Gifting at Christmas? Here are the tax rules you need to know
If you’re thinking of treating your staff this Christmas, you – or they – might need to pay tax on your generosity, warns Michael Blaken of Optimum Professional Services.
Christmas is on its way, and for business owners this may also mean the time for making gifts to your staff and to your contacts, or providing some entertainment.
However, before you get carried away with the season of good cheer, it’s a good idea to familiarise yourself with what does or does not incur any tax.
If you are overly generous, you may need to pay tax and National Insurance. Worse, if you fail to declare taxable gifts, then you could also face penalties. Merry Christmas from HMRC!
If you are holding an office party this year, you may be laying on some kind of paid-for entertainment.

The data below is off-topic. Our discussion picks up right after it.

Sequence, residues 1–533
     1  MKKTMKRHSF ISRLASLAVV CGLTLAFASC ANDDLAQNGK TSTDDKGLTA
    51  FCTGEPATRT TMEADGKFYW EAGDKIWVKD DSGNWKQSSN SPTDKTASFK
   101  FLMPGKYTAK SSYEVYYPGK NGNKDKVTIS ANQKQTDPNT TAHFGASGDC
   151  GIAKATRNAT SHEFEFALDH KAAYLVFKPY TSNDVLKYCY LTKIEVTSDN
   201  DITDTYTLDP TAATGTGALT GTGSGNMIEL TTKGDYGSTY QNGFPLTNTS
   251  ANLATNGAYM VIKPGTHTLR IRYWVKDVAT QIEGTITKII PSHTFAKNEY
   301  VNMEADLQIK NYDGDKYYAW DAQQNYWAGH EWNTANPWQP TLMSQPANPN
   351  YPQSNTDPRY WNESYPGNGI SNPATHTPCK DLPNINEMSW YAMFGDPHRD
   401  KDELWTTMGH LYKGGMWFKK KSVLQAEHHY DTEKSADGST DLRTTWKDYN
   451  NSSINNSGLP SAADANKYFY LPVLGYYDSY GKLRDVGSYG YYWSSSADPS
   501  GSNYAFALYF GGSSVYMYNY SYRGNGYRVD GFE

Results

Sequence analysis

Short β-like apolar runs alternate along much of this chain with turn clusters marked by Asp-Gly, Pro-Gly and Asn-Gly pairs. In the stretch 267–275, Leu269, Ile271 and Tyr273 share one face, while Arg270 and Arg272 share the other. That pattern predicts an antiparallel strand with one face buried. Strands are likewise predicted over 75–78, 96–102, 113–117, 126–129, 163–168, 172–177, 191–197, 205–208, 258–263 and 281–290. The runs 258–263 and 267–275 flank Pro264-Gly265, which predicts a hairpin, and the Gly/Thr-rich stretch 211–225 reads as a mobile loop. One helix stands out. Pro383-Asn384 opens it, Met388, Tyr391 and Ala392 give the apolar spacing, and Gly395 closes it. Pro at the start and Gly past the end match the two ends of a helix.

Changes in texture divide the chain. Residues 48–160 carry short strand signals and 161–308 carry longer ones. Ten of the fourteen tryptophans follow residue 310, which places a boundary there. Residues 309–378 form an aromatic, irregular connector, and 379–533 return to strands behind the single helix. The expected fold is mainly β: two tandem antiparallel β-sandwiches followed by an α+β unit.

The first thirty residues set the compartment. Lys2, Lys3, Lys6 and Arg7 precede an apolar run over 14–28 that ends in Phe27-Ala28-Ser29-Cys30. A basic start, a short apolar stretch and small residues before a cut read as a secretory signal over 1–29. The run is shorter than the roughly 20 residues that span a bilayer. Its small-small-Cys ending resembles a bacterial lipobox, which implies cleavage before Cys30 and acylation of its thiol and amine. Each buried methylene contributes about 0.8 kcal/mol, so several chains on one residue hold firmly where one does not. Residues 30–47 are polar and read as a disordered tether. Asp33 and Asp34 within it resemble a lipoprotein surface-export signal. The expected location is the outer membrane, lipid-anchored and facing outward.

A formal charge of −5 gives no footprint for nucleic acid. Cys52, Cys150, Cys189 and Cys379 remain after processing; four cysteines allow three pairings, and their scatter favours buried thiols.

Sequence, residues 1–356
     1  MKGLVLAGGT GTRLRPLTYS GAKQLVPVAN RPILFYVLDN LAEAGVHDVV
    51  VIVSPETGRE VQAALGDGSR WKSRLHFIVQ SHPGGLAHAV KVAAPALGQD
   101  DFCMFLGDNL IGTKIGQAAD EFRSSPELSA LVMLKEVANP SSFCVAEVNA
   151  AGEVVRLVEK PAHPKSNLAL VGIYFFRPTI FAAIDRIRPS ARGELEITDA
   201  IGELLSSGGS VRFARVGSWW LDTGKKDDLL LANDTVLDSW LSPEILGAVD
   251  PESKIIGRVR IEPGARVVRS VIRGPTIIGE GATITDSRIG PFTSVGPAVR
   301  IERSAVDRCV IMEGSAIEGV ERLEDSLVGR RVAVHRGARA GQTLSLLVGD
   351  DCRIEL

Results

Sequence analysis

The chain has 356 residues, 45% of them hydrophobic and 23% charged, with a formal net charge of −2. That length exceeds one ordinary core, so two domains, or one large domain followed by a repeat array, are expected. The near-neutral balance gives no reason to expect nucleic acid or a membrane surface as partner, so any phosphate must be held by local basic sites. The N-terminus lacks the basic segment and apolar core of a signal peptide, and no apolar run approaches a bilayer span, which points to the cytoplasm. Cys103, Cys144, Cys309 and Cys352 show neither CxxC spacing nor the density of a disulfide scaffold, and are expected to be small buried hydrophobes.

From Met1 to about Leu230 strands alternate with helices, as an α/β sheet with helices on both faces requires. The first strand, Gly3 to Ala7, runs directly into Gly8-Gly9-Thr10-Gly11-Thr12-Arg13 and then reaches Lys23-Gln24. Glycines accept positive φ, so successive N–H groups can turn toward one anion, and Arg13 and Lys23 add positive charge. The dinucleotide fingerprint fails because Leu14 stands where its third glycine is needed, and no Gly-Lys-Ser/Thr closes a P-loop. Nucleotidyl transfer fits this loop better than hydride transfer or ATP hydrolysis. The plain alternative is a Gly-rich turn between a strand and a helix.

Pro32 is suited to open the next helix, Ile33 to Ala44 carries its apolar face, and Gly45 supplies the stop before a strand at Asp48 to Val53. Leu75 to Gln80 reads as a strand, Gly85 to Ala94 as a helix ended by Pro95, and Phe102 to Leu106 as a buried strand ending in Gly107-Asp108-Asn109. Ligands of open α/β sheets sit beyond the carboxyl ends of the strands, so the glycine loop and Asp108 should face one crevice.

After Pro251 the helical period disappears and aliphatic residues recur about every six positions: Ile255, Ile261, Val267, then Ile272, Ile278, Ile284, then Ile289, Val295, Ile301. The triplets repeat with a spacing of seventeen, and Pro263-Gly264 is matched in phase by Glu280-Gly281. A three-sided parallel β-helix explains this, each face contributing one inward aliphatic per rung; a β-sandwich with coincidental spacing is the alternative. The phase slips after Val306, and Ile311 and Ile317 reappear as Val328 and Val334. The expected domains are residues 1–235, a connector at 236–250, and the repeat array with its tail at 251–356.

The maximum you can spend per employee is £150 and this is the allowance for the whole year, not just Christmas, so do take into account what you have spent so far.
There are also tax rules around giving and receiving gifts, which apply all year and not just at Christmas.
• Cash bonuses: any cash you give to employees as a Christmas bonus counts as earnings, so you’ll need to add the value to your employees’ other earnings and take off tax and National Insurance through payroll.
• Goods: it is only free to give a gift to an employee, client, or supplier if the gift is ‘trivial’ in HMRC’s eyes. If the items can’t be counted as trivial benefits, you must report them on form P11D and pay National Insurance on the value of the benefit.
For you, the donor, the gift is non-tax deductible. There are also complex rules governing gifts to a third party, such as making gifts to a supplier’s employees. If you are not sure of the rules, do seek advice before going ahead.
The rules are slightly different if you are self-employed. Here, you don’t have to report or pay tax or National Insurance on personal gifts (such as Christmas presents).
Michael Blaken is accounts director at Optimum Professional Services https://www.optps.co.uk/
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